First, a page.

DeepMind’s AI became a superhuman chess player in hours

The endgame of DeepMind, Google’s artificial intelligence subsidiary, has never been about beating people at board games. It’s always been about creating something akin to a combustion engine for intelligence – a generic thinking machine that can be applied to a wide range of challenges. The company is still a long way from achieving that goal, but new research published by its scientists this week suggests that they are at least on the right track.

In the article, DeepMind describes how a descendant of the AI ​​program that first conquered the board game Go taught itself to play a number of other games at a superhuman level. After eight hours of self-playing, the program beat the AI ​​which first beat the human Go world champion; and after four hours of training, he beat the current world champion chess program, Stockfish. Then, for a victory lap, he trained for just two hours and beat one of the best in the world shogi-playing programs named Elmo (shogi being a Japanese version of chess that is played on a larger chessboard).

One of the major breakthroughs here is that the new AI program, named AlphaZero, was not specifically designed to play any of these games. In each case, it was given some ground rules (like how knights move in chess, etc.) but was programmed with no other strategies or tactics. It simply got better by replaying itself over and over again at an accelerated pace – an AI training method known as “reinforcement learning”.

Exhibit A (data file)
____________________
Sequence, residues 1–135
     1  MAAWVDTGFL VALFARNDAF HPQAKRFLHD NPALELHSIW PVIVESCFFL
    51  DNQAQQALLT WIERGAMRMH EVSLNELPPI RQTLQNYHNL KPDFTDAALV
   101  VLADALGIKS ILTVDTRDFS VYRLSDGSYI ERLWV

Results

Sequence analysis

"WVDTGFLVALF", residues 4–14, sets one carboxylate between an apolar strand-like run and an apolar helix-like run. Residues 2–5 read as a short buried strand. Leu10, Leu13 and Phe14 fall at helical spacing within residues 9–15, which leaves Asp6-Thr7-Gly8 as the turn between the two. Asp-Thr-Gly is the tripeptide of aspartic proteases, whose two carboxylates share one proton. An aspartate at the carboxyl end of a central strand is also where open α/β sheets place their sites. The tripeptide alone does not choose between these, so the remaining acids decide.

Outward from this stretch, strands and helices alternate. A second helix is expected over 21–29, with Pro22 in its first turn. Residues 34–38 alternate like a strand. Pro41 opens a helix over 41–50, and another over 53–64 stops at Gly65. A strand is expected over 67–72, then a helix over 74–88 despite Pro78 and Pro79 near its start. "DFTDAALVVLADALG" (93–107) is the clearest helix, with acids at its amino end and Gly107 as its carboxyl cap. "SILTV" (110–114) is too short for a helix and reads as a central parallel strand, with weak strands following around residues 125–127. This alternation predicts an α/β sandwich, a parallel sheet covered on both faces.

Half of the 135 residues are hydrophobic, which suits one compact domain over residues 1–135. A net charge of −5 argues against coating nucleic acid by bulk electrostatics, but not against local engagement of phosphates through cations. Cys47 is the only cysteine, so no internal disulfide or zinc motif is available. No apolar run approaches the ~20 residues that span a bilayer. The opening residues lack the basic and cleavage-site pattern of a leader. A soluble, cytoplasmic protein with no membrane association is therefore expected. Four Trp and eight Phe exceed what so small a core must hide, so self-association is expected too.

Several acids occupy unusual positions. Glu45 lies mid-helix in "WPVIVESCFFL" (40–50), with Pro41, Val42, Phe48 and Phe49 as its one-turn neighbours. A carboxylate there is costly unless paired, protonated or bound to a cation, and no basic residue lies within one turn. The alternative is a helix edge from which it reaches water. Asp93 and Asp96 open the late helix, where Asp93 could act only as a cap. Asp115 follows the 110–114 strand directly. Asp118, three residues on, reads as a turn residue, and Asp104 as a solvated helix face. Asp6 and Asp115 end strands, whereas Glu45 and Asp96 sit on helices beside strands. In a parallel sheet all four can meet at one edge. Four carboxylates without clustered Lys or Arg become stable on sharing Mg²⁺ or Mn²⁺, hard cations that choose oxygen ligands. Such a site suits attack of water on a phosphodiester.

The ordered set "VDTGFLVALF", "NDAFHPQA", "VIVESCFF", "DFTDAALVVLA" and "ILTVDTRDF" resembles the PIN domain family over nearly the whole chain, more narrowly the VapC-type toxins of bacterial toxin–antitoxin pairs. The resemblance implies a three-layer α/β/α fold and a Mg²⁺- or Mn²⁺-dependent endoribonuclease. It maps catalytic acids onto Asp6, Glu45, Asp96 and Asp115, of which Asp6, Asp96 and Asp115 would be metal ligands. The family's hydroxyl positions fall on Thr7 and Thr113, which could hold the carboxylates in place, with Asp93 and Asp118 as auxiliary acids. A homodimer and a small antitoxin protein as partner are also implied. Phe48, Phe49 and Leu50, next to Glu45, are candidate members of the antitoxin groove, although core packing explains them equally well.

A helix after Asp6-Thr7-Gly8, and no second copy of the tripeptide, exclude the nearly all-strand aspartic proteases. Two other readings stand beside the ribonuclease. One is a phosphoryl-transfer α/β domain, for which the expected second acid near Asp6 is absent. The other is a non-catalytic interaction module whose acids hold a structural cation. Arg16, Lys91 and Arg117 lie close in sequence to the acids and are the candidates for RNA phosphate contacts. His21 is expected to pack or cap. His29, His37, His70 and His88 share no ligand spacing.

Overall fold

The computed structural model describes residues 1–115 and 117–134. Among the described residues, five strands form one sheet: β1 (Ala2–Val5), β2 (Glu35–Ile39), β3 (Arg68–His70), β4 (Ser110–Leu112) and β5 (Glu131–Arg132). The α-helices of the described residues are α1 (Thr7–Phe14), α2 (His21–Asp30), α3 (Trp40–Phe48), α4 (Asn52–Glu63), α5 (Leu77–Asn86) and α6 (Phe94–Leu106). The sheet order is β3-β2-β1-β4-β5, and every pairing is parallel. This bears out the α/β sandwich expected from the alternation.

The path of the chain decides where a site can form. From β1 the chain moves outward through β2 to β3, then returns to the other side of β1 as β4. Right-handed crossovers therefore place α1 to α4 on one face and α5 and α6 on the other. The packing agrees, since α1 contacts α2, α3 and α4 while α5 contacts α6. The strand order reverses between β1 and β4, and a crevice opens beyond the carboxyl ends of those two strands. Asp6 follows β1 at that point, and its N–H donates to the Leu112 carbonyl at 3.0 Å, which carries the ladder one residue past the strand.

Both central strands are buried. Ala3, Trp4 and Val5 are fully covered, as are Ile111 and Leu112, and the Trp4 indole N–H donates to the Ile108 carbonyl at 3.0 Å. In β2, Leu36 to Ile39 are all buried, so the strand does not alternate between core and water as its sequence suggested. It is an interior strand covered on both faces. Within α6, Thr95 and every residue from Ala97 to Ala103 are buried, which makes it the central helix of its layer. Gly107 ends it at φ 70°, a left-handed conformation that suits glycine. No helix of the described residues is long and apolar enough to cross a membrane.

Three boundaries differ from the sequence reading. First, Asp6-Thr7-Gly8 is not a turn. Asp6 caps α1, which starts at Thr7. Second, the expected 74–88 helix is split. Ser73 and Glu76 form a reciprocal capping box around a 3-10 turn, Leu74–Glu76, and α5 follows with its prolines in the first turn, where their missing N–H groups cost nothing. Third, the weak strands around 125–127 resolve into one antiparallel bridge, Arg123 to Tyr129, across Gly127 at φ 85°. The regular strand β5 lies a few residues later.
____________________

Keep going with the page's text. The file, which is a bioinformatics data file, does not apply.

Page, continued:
Using reinforcement learning in this way is not new in itself. DeepMind engineers used the same method to create AlphaGo Zero; the AI ​​program that was unveiled last October. But, as this week’s article describes, the new AlphaZero is a “more generic version” of the same software, meaning it can be applied to a wider range of tasks without first being primed.

What’s remarkable here is that in less than 24 hours, the same computer program was able to learn to play three complex board games to superhuman levels. This is a new feat for the AI ​​world.

This brings DeepMind one step closer to building the generic thinking machine the company dreams of, but there are major challenges ahead. When DeepMind CEO Demis Hassabis introduced AlphaGo Zero earlier this year, he suggested that a future version of the program could help solve a range of scientific problems, from designing new drugs to discovering new materials. . But these problems are qualitatively very different from simply playing board games, and there is still a lot of work to be done to find out exactly how algorithms can solve them. All we can say for sure now is that artificial intelligence has stopped playing chess for good.

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